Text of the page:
The red and giant panda are perfect examples of such cohabitation. Both animals spend 85% of their existence within the same areas, eating almost exclusively from the same plant: bamboo. A conclusion seems simple; they should be in direct competition for food and space.

But they're not. It turns out that the animals browse in different microhabitats, smaller elements of the main habitat.

The giant panda sticks to the gentle slopes of the Himalayas where there is less brush and other obstacles, giving them more room through which to move their bulk. The red panda, on the other hand, slimmer and slighter, browses on bamboo leaves from the branches of tall rhododendrons adorning the steeper slopes of the young mountains.

So even within the same area, animals can find little niches to exploit, giving them an opportunity to grow and expand.

Unfortunately, both pandas are losing the expansion battle to the Chinese.

Both are listed as Appendix I by the Convention on International Trade in Endangered Species (CITES), placing them among the most endangered animals in the world.

But the Chinese are not standing idly by. Twelve reserves have been set aside for the pandas, and special corridors assist them in safe migration between habitats. This is not entirely a moral decision; giant pandas are one of China's most profitable exports.

Next time: Red panda hats & the cohabitation of the pandas through evolution - sympatry vs. parapatry.


F Wei, Z Feng, Z Wang, J Hu (2000) Habitat Use and Separation Between the Giant Panda and the Red Panda. Journal of Mammalogy: 448–455

Johnson KG, Schaller GB, Hu J (1988) Comparative behavior of Red and Giant Pandas in the Wolong Reserve, China. Journal of Mammalogy 69: 552-564

Photos by: Jeff Kubina, Sh0dan

Carnivals Galore!

Tangled Bank #60 has been up for a couple days at FrinkTank. Frink barrages me with mom jokes for submitting a dead link, but due to my "sheer nerdtastic commitment to a bit," I was forgiven and fixed up.

Friday Ark
entries are due by 6:00 p.m. this evening for those picture blogging about animals today. Check it.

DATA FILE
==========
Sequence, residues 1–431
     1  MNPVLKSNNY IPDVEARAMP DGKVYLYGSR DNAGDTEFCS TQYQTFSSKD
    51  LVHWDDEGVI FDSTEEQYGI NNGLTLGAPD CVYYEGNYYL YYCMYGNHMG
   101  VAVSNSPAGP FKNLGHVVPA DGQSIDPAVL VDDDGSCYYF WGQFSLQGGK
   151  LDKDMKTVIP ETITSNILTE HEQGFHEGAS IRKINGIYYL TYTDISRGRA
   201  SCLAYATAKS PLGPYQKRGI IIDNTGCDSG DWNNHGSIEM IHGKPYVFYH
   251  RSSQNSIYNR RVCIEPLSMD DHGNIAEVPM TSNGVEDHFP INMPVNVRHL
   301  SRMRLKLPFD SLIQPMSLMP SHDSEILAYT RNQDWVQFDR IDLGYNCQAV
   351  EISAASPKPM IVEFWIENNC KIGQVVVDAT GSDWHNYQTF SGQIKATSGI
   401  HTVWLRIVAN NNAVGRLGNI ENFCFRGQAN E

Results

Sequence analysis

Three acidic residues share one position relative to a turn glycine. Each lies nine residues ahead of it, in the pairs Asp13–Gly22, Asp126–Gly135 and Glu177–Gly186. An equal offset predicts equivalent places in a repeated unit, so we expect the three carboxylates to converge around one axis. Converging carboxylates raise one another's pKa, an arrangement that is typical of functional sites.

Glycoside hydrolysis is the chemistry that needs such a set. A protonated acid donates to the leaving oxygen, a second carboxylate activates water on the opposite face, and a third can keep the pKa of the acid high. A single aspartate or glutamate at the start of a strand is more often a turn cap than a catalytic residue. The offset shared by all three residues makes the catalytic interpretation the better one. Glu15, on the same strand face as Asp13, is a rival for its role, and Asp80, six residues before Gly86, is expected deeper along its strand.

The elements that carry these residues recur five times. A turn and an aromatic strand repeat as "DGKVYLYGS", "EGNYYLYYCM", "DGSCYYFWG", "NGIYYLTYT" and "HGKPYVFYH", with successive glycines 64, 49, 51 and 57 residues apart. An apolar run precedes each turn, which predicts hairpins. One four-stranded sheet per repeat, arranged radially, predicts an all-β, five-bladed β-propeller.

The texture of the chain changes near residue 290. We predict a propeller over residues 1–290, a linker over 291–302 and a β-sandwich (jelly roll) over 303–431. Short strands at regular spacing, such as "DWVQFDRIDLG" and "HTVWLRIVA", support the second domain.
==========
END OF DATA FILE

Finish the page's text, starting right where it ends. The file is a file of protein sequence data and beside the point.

Circus of the Spineless is coming up at the end of the month, so get your entries in now! It's about anything invertebrate: pics, words, diagrams, poems (?).

Eurypterids rule!

Carnival of the Green: August 21st at Frugal for Life

Festival of the Trees (self-explanatory) is calling for submissions also by the end of the month. It will be hosted by BurningSilo on September 1st. Just as I was planning a series on the evolution of trees... hmm...

August 15, 2006

The Red Panda's Thumb as a Preadaptation

Morphologically, the red panda is a strange little furball. They are categorized with carnivores because of their powerful set of reinforced jaws, but the only meat the red panda will ever eat is the occasional bug. Like the giant panda, bamboo makes up most of its diet, one of the least nutritious foods on the planet.

But the red panda and its ancestors have been eating bamboo (and other similar monocots) for so long, that a small wristbone called a radial sesamoid (highlighted in red below) has become modified into an extra "thumb," assisting the panda in grasping and stripping bamboo stalks.

Illustration from Freeman & Herron's Evolutionary Analysis, 2nd Edition

View a video showing the red panda using its extra thumb to feed

This is a quintessential example of a preadaptation in evolution. Preadaptations result from an organism's novel use of an existing structure. In other words, the red panda's wristbone was already there extant in its ancestors, and happened to become useful in grasping bamboo. After thousands of years of selection, the bone has become larger and more helpful in the population. The panda did not grow a whole new finger because the set up for a new finger was not ancetrally available for modification.